This is an extraordinarily complicated subject, and it's really full
of nuance. In general, I think your categorization is unfair.
It sounds like you had a bad experience in your first semester of
college. I can sympathize; I did too.
But a thing to bear in mind is that in the first year, universities
are taking kids (and yes, they are kids...sorry young folks, I don't
mean that as a pejorative, but consider the context! For most young
people this is their first experience living on their own, their first
_real_ taste of freedom, and the first where they're about to be
subject to rigorous academic expectations without a lot of systemic
support) with wildly uneven academic and social backgrounds and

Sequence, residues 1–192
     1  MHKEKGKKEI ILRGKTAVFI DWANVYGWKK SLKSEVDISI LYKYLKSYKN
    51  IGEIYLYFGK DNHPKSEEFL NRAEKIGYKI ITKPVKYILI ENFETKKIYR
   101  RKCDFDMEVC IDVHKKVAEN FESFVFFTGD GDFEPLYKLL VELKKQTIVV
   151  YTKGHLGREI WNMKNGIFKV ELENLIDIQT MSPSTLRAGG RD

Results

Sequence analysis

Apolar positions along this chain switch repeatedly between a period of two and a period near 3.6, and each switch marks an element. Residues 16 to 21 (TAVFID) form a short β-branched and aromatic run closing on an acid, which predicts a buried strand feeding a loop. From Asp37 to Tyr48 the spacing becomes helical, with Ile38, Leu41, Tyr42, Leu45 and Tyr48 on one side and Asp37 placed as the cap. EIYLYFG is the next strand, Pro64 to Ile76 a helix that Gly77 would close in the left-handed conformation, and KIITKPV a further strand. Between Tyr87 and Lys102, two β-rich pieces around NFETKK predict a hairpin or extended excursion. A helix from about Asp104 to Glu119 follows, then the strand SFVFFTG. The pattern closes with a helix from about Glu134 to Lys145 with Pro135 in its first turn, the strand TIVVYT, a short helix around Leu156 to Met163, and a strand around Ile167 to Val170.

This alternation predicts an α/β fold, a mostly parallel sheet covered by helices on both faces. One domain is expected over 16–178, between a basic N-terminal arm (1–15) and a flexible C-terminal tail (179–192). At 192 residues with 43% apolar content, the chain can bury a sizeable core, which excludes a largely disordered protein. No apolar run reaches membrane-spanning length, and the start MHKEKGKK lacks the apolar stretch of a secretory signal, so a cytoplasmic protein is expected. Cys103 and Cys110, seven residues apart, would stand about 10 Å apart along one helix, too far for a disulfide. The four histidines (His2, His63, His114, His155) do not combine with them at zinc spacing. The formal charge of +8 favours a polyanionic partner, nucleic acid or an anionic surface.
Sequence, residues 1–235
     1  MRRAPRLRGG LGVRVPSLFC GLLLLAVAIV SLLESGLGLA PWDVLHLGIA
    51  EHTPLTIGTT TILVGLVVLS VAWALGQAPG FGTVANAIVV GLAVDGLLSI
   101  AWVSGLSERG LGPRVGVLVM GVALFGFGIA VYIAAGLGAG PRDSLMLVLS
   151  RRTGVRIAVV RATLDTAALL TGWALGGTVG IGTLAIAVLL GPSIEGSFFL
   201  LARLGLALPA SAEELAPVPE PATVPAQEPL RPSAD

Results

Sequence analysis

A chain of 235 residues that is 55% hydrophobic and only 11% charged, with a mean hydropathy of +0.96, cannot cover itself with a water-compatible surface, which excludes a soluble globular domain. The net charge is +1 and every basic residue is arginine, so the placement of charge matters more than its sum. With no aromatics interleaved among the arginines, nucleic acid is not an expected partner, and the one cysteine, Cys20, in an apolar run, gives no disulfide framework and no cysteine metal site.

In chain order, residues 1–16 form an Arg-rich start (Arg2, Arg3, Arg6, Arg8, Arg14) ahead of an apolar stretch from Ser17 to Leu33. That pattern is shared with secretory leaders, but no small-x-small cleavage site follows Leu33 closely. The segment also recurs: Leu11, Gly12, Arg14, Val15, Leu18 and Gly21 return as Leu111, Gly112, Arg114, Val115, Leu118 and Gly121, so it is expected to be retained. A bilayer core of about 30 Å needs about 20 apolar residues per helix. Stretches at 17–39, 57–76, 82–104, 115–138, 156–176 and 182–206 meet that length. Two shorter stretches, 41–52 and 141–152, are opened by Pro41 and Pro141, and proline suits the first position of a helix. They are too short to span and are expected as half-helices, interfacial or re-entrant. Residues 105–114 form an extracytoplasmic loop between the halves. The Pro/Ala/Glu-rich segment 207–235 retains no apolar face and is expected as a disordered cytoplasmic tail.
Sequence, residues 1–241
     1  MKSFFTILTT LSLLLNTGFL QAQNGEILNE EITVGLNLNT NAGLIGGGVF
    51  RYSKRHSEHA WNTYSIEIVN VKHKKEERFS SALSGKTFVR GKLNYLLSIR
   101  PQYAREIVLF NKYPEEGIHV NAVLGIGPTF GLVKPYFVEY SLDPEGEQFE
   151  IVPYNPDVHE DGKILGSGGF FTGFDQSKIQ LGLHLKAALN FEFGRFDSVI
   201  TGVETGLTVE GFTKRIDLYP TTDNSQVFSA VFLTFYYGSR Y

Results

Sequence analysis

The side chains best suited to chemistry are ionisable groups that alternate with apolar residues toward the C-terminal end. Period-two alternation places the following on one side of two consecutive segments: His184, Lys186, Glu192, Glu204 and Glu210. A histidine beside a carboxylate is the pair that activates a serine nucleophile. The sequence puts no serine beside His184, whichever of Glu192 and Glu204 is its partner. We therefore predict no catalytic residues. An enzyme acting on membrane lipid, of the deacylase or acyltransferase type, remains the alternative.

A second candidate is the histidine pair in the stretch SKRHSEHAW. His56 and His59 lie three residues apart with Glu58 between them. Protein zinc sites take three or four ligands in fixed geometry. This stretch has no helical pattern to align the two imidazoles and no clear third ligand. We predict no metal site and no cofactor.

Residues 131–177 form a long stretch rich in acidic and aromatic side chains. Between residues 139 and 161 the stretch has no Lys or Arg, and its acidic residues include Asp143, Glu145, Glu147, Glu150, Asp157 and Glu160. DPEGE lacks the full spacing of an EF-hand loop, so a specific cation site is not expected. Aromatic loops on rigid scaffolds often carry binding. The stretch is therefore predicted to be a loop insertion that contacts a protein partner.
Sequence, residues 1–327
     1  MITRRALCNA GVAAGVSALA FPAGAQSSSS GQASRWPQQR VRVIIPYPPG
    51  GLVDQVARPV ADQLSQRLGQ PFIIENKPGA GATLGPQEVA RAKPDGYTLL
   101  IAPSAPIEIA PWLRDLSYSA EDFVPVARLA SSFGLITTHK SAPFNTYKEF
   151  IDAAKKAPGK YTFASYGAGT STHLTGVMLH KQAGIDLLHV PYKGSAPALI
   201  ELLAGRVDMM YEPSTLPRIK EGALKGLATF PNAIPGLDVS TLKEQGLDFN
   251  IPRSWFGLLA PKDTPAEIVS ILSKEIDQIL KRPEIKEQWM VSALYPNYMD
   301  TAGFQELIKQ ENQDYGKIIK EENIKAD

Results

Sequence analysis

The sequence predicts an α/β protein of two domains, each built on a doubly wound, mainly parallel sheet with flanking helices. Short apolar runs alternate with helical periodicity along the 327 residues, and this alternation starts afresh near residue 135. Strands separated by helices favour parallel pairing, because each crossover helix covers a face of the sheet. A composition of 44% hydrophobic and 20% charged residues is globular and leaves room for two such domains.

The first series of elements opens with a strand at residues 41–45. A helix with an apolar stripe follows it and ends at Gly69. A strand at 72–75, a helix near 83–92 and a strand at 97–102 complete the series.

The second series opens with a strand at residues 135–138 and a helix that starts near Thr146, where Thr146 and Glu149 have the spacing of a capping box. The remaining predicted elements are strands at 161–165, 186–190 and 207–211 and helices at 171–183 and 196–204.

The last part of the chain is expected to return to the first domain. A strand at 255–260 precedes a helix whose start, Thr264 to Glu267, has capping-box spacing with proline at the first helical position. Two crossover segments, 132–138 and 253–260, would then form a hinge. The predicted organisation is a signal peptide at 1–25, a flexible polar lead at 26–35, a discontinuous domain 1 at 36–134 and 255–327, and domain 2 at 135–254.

preparing them for advanced study in a particular field...one that
most haven't even identified for themselves yet. For the precocious
student, this will feel stifling; for many others it will be a
struggle. What, perhaps, you see as lack of intellectual curiosity may
have in fact been the outward manifestations of that struggle.
That said...Things are, legitimately, very different today than they
were when Unix was young. The level of complexity has skyrocketed in
every dimension, and things have gotten to the point where hack upon
hack has congealed into a system that's nearly bursting at the seams.
It's honestly amazing that anything works at all.
That said, good things have been invented since 1985, and the way many
of us "grew up" thinking about problems doesn't always apply anymore.
The world changes; c'est la vie.
- Dan C.
> ------- Original Message -------
> On Monday, February 27th, 2023 at 12:22 PM, arnold(a)skeeve.com <arnold(a)skeeve.com> wrote:
> > Chet Ramey chet.ramey(a)case.edu wrote:
> > > On 2/27/23 3:04 PM, arnold(a)skeeve.com wrote:
> > >
> > > > IMHO the dependence upon IDEs is crippling; they cut & paste to the